Madagascar: Massive increase in emergency food aid needed as famine looms

Malnutrition emergency: mobile clinic in Ranobe

Madagascar 2021 © iAko M. Randrianarivelo/MSF

NEW YORK/ANTANANARIVO, MAY 17, 2021—An immediate and massive increase in food aid is urgently needed for people in southern Madagascar, said the international medical humanitarian organization Doctors Without Borders/Médecins Sans Frontières (MSF) today. MSF teams in the region are witnessing an exceptionally severe malnutrition crisis which, in some places, borders on famine.


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“We’re seeing totally destitute people who have literally nothing to eat and are teetering on the edge of survival,” said Julie Reversé, MSF operations coordinator in Madagascar. “Some have had to sell their cooking utensils and don’t even have containers to fetch water.”

In some villages in Amboasary district in the Anôsy region, MSF teams have found an average of 28 percent of children under five are acutely malnourished, one-third of whom have severe malnutrition and are, therefore, at a high risk of death. According to recent figures released by Madagascar’s nutrition surveillance system, United Nations agencies, and similar organizations operating in the region, 74,000 children across the southern region of Madagascar are acutely malnourished. Approximately 12,000 of these children have severe malnutrition, which is an increase of 80 percent compared to the last quarter of 2020.

“One alarming indicator is that the 2,200 people treated by MSF for acute malnutrition since the end of March include children under five, but also adolescents and adults,” Reversé said. It is less common for acute malnutrition to affect people over the age of five.

A unique combination of factors has plunged southern Madagascar into this crisis, which is the worst nutritional and food crisis in the region in decades. The worst drought in 30 years has wreaked havoc on agriculture; sandstorms caused by deforestation have covered much of the arable land in sand, even destroying food sources such as cactus fruit, normally eaten as a very last resort; and COVID-19 has had a spill-over effect on the island's economy. Related to the ensuing food shortages are a reported rise in attacks, hold-ups, and thefts of livestock, property, and food.

“In almost thirty years of working in humanitarian aid, I have rarely witnessed such extreme hardship," said Jean Pletinck, a logistician who has worked with MSF for 28 years and is currently responding to the malnutrition crisis. "It’s hard to find the words to describe what I have witnessed. Three consecutive years of drought in the deserts of southern Madagascar have pushed people, who mostly live on agriculture and livestock production, to the breaking point, and entire villages to the brink of death."

Other factors include a surge in malaria infections and a lack of access to health care and drinking water, which have exacerbated the health situation further.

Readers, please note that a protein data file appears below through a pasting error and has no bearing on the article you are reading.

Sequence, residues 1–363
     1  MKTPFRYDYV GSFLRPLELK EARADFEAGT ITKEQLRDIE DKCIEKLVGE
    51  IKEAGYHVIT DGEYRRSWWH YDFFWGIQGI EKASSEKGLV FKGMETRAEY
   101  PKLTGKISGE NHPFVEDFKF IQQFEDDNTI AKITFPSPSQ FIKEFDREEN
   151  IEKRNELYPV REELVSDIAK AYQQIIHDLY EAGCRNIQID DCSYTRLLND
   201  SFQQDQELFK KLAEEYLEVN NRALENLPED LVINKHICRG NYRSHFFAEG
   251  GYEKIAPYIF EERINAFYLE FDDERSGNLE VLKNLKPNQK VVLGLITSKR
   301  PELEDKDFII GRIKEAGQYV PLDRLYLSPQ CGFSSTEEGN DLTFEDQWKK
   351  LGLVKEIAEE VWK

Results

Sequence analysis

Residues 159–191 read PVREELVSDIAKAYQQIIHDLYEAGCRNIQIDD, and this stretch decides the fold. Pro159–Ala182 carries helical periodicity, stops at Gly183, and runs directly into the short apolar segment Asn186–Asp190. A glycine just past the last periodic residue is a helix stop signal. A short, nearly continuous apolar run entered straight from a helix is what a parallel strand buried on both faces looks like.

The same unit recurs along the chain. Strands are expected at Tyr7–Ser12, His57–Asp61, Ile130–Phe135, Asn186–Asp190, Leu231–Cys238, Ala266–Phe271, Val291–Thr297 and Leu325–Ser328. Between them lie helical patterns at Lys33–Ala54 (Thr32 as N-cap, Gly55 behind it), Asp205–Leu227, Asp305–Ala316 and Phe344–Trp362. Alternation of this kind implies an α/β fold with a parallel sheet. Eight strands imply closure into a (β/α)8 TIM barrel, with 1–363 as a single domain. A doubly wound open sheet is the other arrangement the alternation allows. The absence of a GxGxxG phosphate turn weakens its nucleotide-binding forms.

Due to a lack of resources, food distributions by the World Food Programme (WFP) and other aid organizations are limited to half-day rations, while some affected villages are receiving no food aid at all. This is all the more worrying as access to food is likely to be an even bigger issue in the coming months, with little or no harvest expected in June and the onset of the annual lean season in October.

Getting aid to the people who need it is challenging. The island’s geography brings its own specific constraints, and the semi-arid southern regions have many remote villages and few paved roads. It takes at least three days to drive from the capital Antananarivo to the main town in Amboasary district, and from there it can take many hours along tracks and trails to reach the most remote villages. In addition, in mid-March the authorities introduced restrictions on entering Madagascar and traveling within the country due to the COVID-19 pandemic.

“Hundreds of thousands of people in southern Madagascar rely almost entirely on food aid,” said Bérengère Guais, MSF’s head of emergency operations. “A substantial effort—not only financial, but also logistical and human—is vital to ensure regular deliveries of food rations in sufficient quantities over a period of several months. Travel must be made easier for aid workers by ensuring regular flights to enter and move around the country. An entire population, spread across vast, remote areas with very little infrastructure, is in desperate need of life support. The clock is ticking.”

Since late March 2021, MSF teams have been screening and treating people for acute malnutrition and providing basic medical services through mobile clinics in Amboasary district. MSF teams are also working to improve people’s access to drinking water by distributing jerry cans, repairing hand-operated pumps, and treating and transporting water drawn from the river. MSF teams are currently gearing up to launch food distributions and scale up inpatient treatment for patients with severe acute malnutrition and associated medical complications.